When I was little, I wanted to be a bus conductress when I grew up. It seemed the perfect job to my very young self, spending every day being driven around on a double decker (I definitely wanted a top deck) with a ticket machine strapped over one shoulder and a money bag over the other, standing on the platform after all the fares had been collected, hanging onto the metal pole at the doorless rear entry/exit, telling passengers to 'move along there' when the bus was full to bursting, helping to change the number and destination blinds at the front and, best of all, ringing the bell at each bus stop to signal to the driver it was safe to set off.
No surprise, then, that a favourite game to play in the living room at home was pretending to be a bus conductress. With a selection of coins borrowed from the till in my parents' shop in a little shoulder bag, a stack of used bus tickets to give out to the passengers (dolls on dining chairs, usually) and the old style light switch to serve as the bell, I was ready to work a shift. Sometimes, I managed to get my 16 years older than me brother to play the part of Inspector and check everyone's tickets, poor lad.
I remember my dad was once tasked with taking me into town for a haircut. When we arrived at the salon (it was called Fullers and in the basement of the town's most historically important building, sadly long demolished), I refused to go in so my dad took me for a wander around the shops whilst he used all his powers of persuasion to get me to agree to go back. Inside Woolworth's store, there it was. A bus conductress set, complete with, oh joy, cap and badge. A bit of skilful negotiating followed and oh yes, I got the set of my dreams and, just a little later, a haircut and a fat sachet of egg shampoo to take home.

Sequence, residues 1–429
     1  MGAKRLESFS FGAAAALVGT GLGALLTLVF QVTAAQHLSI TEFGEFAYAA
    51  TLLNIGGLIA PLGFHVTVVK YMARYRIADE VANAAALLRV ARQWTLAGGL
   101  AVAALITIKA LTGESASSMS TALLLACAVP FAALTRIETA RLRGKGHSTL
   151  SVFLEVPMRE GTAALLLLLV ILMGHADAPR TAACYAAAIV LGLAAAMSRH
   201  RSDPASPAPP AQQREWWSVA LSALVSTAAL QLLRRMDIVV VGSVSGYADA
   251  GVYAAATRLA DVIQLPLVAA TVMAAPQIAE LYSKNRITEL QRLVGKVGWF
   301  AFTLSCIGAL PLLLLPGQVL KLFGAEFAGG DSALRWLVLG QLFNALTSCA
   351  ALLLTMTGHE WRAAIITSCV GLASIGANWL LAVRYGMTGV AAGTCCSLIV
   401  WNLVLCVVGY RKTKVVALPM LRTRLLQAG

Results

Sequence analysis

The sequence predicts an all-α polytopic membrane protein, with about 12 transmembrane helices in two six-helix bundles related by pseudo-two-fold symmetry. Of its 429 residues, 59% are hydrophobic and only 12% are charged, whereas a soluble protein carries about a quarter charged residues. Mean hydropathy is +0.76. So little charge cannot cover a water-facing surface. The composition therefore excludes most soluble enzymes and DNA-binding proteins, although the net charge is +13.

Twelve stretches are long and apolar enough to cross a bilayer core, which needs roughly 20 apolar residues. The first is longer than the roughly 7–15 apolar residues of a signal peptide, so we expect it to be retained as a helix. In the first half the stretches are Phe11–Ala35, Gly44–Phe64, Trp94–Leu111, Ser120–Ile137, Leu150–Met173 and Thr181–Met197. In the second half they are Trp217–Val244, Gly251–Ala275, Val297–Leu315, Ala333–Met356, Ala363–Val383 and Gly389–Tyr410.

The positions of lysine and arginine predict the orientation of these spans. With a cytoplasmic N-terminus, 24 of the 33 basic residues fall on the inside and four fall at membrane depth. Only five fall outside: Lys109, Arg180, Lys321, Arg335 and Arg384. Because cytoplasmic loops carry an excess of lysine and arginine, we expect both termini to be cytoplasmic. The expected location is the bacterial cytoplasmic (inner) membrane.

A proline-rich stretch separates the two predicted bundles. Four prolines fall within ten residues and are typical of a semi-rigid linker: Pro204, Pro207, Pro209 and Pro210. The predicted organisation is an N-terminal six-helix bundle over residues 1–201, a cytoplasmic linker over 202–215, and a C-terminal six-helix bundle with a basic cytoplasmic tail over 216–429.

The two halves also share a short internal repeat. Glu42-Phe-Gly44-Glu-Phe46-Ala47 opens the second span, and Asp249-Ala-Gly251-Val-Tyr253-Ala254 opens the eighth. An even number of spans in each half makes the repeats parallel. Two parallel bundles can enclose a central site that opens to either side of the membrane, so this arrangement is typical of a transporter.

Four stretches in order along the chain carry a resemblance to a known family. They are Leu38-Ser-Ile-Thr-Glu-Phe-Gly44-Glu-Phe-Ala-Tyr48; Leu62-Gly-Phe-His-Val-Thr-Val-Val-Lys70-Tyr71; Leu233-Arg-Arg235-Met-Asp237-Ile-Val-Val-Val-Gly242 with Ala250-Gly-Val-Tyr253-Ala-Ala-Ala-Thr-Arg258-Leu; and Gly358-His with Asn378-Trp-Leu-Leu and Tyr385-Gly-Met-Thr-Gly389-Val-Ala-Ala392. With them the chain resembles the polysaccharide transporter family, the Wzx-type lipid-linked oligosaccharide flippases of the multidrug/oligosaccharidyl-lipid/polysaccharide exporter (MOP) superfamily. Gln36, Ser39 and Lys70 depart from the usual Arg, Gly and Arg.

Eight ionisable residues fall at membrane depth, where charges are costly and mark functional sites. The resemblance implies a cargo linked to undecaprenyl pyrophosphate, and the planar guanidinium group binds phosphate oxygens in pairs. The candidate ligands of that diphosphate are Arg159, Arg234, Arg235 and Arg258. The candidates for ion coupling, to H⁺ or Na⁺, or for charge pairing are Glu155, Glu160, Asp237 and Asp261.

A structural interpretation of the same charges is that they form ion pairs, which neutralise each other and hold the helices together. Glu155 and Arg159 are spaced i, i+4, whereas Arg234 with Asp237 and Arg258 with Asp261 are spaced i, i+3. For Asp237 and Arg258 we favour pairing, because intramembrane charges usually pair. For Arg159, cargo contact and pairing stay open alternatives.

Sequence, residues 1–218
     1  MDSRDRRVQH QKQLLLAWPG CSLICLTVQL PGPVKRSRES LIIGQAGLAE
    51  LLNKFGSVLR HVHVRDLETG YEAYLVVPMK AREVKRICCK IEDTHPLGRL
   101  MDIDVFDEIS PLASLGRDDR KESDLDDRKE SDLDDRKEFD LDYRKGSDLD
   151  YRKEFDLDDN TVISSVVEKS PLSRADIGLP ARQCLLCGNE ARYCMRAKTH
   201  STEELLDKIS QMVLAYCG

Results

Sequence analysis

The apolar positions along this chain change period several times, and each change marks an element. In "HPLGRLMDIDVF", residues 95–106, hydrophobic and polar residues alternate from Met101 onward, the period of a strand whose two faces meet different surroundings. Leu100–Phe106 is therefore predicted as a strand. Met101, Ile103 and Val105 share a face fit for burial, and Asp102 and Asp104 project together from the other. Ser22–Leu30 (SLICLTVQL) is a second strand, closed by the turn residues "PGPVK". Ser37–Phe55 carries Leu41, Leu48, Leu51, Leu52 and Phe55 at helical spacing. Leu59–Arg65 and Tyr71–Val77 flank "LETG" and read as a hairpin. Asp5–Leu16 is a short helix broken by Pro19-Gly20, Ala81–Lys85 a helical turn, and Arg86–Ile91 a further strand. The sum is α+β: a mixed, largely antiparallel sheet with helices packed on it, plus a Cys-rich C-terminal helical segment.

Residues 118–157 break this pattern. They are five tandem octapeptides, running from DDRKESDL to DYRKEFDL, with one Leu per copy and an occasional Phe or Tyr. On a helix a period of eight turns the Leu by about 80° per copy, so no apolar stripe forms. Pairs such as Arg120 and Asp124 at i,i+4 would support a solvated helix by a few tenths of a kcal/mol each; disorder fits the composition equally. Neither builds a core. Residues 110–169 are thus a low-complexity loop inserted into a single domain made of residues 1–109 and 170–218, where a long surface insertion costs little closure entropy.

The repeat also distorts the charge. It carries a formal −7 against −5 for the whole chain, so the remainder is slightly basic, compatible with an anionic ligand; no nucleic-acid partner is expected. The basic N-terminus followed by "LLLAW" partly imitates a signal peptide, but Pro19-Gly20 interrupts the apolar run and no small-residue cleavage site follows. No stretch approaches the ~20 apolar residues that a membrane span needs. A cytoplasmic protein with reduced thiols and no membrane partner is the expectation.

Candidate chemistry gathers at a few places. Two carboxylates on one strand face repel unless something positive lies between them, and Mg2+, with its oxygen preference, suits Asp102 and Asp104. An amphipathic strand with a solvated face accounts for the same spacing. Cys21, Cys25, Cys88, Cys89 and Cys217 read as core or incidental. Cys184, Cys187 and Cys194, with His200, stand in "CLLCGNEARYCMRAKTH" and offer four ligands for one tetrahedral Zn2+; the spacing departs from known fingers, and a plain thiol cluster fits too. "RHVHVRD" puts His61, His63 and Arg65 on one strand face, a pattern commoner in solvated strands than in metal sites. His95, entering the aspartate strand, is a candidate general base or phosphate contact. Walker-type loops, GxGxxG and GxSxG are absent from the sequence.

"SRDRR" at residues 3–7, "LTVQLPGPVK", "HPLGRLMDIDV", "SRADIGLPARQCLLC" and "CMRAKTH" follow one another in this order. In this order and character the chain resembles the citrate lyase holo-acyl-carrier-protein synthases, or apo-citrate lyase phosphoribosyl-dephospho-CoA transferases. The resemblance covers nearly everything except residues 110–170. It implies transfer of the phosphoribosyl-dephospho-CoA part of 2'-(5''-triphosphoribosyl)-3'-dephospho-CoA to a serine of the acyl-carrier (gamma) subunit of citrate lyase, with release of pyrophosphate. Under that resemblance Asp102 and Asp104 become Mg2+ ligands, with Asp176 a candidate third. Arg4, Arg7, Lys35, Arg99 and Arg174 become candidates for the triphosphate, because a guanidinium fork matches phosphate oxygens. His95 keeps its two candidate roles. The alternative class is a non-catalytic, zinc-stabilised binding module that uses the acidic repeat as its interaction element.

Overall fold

Another essential piece of kit for the bus conductress in those days was a pair of fingerless gloves for the winter months (buses had no doors and they certainly didn't have much in the way of heating). I didn't have any and I commented to the mister that the couple of pairs I knit last week would have come in handy (see what I did there?) during all that play acting.
My parents worked long hours (they didn't employ anyone else) in their shop which was open until 10 p.m. 365 days of the year. They used to have two nights off (Wednesdays and Sundays) when Aunty M took over for a few hours and off they went, to meet up with friends in the pub or to a dinner dance (my mum loved dancing) or to a show (the town had a very decent theatre back in the day).
Years later, my mother told the story of the night she and my dad were on their way out to some social event or other. Dressed to the nines, she put on her gloves as my dad started the car. I remember those gloves so clearly even now - the softest, most supple brown leather palms and brown suede uppers decorated with tiny hand painted white spots. As she pulled them onto her hands, it was immediately apparent that someone had hacked off the ends of each and every one of the gloves' fingers.
I love a bit of bus conductress improvisation, me.